Rabbit Care Sheet
Domesticated rabbits come in a huge variety of colors and sizes, from netherland dwarf (at 2-5 lbs) to the Flemish Giant (at 30 lbs or more). It’s a common misconception that rabbits stay small as some breeds of rabbits can reach lengths of up to four feet long.
Rabbits should stay with their mother for the first eight weeks. By four months of age, it is recommended that they are taken to a knowledgeable veterinarian to be spayed or neutered in order to prevent reproduction related cancers.
Rabbits tend to be most active at dawn and dusk. Their favorite activities include digging, jumping, and napping (as many as 18 naps per day!). Most rabbits enjoy exploring their environment and require mental and social enrichment to prevent boredom. Cardboard boxes with plastic eggs that are filled with food or treats encourage your rabbit’s natural foraging behavior. Happy rabbits will often jump into the air and twist the back half of their bodies (this is known as a “Binky”) while one that is comfortable in their surroundings will flop onto their sides and show their bellies. Some may even roll over.
There are many ways to house your rabbit but it is recommended that their space is at least 4-6 times the size of their body when they are entirely stretched out. More space should be provided if they will be confined for most of the day. An example of one space guideline is “at least 8 square feet of enclosure space combined with at least at least 24 square feet of exercise space, for 1-2 rabbits, in which the rabbit or pair can run and play at least 5 hours per day.” You can build your rabbit a two-story “condo” with the floors connected by a ramp, commonly called an C&C cage. You can also buy a hutch or set up an xpen which allows you to fit the sides of your rabbit's house to almost any space you have available. One of the most important things about setting up an enclosure is to have a sold, non wired, floor. When a rabbit stands on a wired floor for too long it will cause deformities in their feet.
A rabbit’s diet should be made up of good quality pellets, fresh hay (timothy or other grass hays), water and, fresh vegetables. Anything beyond that is a “treat” and should be given in limited quantities. Good quality rabbit pellets should be relatively high in fiber (18% minimum fiber) and the main ingredient should be timothy hay. The majority of the house rabbit diet should be composed of grass hay (about 75-80%), fresh greens (15%), good pellets (10%), and treats/fresh fruit (less than 5%). A more in depth break down on rabbit diet can be found here (https://rabbit.org/what-to-feed-your-rabbit/)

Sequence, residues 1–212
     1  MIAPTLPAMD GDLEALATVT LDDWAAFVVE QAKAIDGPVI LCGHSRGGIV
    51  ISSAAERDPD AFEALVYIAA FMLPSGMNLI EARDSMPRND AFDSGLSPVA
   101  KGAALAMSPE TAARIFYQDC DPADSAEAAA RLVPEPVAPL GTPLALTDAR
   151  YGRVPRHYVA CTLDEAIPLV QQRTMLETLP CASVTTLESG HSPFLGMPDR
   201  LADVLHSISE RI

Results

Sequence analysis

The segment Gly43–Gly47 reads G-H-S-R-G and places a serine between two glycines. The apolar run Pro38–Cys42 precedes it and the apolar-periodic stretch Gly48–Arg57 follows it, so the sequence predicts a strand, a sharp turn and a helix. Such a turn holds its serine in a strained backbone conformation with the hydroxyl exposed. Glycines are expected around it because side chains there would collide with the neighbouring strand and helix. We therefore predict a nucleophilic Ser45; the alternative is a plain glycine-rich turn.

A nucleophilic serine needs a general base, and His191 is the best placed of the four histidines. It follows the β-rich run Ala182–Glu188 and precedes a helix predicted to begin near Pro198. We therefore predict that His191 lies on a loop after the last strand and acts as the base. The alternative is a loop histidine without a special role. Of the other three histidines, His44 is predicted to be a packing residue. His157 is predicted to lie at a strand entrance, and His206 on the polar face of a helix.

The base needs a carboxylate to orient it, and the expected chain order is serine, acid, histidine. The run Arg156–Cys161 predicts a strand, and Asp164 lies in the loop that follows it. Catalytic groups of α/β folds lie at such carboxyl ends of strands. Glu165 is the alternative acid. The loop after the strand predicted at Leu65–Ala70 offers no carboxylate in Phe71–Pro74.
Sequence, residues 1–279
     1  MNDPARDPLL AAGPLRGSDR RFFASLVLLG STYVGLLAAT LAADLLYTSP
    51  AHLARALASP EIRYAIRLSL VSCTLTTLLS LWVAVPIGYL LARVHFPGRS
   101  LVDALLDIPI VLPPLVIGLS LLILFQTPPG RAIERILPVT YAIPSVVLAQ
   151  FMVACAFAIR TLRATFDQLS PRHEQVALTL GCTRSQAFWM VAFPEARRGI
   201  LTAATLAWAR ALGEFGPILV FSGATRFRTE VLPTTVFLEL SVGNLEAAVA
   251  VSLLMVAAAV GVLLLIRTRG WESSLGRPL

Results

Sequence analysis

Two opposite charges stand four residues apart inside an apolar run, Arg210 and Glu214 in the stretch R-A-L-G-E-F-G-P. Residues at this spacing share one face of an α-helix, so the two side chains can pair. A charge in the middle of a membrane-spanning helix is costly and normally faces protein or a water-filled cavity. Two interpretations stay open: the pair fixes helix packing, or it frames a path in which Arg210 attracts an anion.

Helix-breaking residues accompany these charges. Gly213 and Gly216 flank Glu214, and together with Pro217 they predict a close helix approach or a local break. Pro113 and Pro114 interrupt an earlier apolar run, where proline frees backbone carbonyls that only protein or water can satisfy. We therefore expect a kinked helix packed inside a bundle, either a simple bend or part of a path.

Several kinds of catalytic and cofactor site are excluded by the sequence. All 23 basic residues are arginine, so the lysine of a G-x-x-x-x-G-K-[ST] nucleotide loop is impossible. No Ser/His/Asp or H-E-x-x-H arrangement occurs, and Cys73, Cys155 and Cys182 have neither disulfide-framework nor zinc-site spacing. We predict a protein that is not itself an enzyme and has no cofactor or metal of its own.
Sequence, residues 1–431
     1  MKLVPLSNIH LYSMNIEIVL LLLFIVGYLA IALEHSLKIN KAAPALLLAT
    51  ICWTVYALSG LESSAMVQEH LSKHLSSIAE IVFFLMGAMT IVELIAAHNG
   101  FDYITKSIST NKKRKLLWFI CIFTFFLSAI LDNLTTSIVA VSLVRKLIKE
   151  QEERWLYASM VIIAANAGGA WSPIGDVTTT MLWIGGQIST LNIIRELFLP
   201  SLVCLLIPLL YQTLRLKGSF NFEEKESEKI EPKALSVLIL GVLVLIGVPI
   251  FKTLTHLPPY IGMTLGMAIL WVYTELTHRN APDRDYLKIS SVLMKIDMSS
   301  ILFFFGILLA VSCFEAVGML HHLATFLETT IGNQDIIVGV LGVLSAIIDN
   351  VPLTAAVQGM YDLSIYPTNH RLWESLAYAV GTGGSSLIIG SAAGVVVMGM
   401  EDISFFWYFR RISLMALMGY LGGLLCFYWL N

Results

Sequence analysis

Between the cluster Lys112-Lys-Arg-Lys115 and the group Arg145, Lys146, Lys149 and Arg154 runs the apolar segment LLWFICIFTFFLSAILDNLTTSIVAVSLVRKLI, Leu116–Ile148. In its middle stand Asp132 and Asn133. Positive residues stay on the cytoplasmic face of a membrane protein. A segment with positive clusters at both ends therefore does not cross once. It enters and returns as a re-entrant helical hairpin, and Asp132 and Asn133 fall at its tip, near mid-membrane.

Bunnies are very social creatures. It is often recommended that you have two rabbits in what is called a bonded pair. Having a pair can prevent depression which may cause them to neglect grooming and develop other health issues. You can often adopt a pair that are already bonded and some rabbit rescues offer bonding classes that help to bond your rabbit with a new bond mate.
Rabbits are susceptible to a variety of health problems if they do not receive proper care. A common health issue is overgrown teeth which may require grinding by a healthcare professional. As rodents, their teeth continuously grow and this growth is normally managed by their diet and chewing behavior. Rabbits can also develop sore hocks, causing areas of the feet to lose their hair and the skin to look red or inflamed. To prevent this, owners should ensure that they have plenty of soft surfaces such as carpets or fleece in order to lessen the amount of hard surfaces they stand on. Other common health issues are fleas/mites, gas (as they can not expel gas on their own it may become a serious and life threatening health issue), stasis (this very serious condition is life threatening if not treated within 12-24 hours), and upper respiratory infections.
Overall, rabbit can be social and affectionate pets for owners who are willing to put in the time and energy to meet their care needs. Owners should be prepared to do their research as there are many misconceptions about rabbit ownership in regard to their diet, health, and other needs.
Animal Care Costs (2018 Prices): Set Up
Animal Care Costs (2018 prices): Annual Maintenance
2/14/2018 11:23:27 pm
What a good walkthrough on how to start taking care of a domesticated rabbit. I haven't got the chance to have a rabbit pet because of my mom's allergies. Now that I have my own kids and they're asking for it, I want to give them a surprise. It's such a precious feeling, seeing your kids in tears because of the joy they felt when you presented them their new friend! Your article will be my guide in planning and preparing our life with the rabbits.
2/22/2022 07:28:03 am
Thanks a lot for sharing this amazing rabbit care sheet with detail information. That is really helpful for a rabbit and rabbit keeper.
3/28/2022 02:36:43 am
It got me when you shared that rabbits are sensitive to different types of health issues if they do not obtain proper care. That's probably why my sister is looking for a rabbit grooming service that can take care of her pet. I think she should go to a facility with certified professionals when it comes to grooming rabbits.
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Ferrets and Friends, LLC has four writers bringing you information on a variety of topics from pets to wildlife, education to conservation, and from new developments in our business to information about our industry. Learn something new each week!